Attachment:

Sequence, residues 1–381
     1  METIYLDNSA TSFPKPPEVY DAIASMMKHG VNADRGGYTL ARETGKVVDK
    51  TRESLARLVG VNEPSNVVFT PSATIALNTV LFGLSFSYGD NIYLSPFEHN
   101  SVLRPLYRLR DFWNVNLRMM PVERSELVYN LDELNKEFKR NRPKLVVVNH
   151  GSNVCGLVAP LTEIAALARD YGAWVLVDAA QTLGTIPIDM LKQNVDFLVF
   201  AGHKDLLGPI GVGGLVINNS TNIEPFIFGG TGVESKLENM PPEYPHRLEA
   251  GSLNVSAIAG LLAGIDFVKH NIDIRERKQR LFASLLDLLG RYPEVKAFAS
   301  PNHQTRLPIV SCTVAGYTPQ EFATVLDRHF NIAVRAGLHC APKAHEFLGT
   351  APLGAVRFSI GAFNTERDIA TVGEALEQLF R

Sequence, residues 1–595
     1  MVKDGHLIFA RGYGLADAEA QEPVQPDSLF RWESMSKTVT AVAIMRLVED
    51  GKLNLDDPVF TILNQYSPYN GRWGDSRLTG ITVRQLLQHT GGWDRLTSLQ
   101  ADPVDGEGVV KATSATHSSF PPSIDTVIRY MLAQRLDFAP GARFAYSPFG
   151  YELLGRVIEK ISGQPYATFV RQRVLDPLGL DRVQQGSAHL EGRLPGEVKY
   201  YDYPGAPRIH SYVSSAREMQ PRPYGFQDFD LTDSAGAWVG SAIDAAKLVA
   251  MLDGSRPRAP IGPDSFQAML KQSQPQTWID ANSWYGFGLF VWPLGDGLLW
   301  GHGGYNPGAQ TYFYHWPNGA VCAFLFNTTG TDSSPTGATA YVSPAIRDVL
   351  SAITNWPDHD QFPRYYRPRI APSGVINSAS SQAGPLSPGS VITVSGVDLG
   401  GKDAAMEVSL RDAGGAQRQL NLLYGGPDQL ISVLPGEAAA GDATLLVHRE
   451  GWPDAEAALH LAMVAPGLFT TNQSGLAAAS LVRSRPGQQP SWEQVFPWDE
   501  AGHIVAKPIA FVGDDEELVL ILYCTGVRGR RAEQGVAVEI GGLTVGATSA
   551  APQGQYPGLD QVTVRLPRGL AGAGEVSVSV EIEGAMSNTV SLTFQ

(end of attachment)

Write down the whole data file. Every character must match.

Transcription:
Sequence, residues 1–381
     1  METIYLDNSA TSFPKPPEVY DAIASMMKHG VNADRGGYTL ARETGKVVDK
    51  TRESLARLVG VNEPSNVVFT PSATIALNTV LFGLSFSYGD NIYLSPFEHN
   101  SVLRPLYRLR DFWNVNLRMM PVERSELVYN LDELNKEFKR NRPKLVVVNH
   151  GSNVCGLVAP LTEIAALARD YGAWVLVDAA QTLGTIPIDM LKQNVDFLVF
   201  AGHKDLLGPI GVGGLVINNS TNIEPFIFGG TGVESKLENM PPEYPHRLEA
   251  GSLNVSAIAG LLAGIDFVKH NIDIRERKQR LFASLLDLLG RYPEVKAFAS
   301  PNHQTRLPIV SCTVAGYTPQ EFATVLDRHF NIAVRAGLHC APKAHEFLGT
   351  APLGAVRFSI GAFNTERDIA TVGEALEQLF R

Sequence, residues 1–595
     1  MVKDGHLIFA RGYGLADAEA QEPVQPDSLF RWESMSKTVT AVAIMRLVED
    51  GKLNLDDPVF TILNQYSPYN GRWGDSRLTG ITVRQLLQHT GGWDRLTSLQ
   101  ADPVDGEGVV KATSATHSSF PPSIDTVIRY MLAQRLDFAP GARFAYSPFG
   151  YELLGRVIEK ISGQPYATFV RQRVLDPLGL DRVQQGSAHL EGRLPGEVKY
   201  YDYPGAPRIH SYVSSAREMQ PRPYGFQDFD LTDSAGAWVG SAIDAAKLVA
   251  MLDGSRPRAP IGPDSFQAML KQSQPQTWID ANSWYGFGLF VWPLGDGLLW
   301  GHGGYNPGAQ TYFYHWPNGA VCAFLFNTTG TDSSPTGATA YVSPAIRDVL
   351  SAITNWPDHD QFPRYYRPRI APSGVINSAS SQAGPLSPGS VITVSGVDLG
   401  GKDAAMEVSL RDAGGAQRQL NLLYGGPDQL ISVLPGEAAA GDATLLVHRE
   451  GWPDAEAALH LAMVAPGLFT TNQSGLAAAS LVRSRPGQQP SWEQVFPWDE
   501  AGHIVAKPIA FVGDDEELVL ILYCTGVRGR RAEQGVAVEI GGLTVGATSA
   551  APQGQYPGLD QVTVRLPRGL AGAGEVSVSV EIEGAMSNTV SLTFQ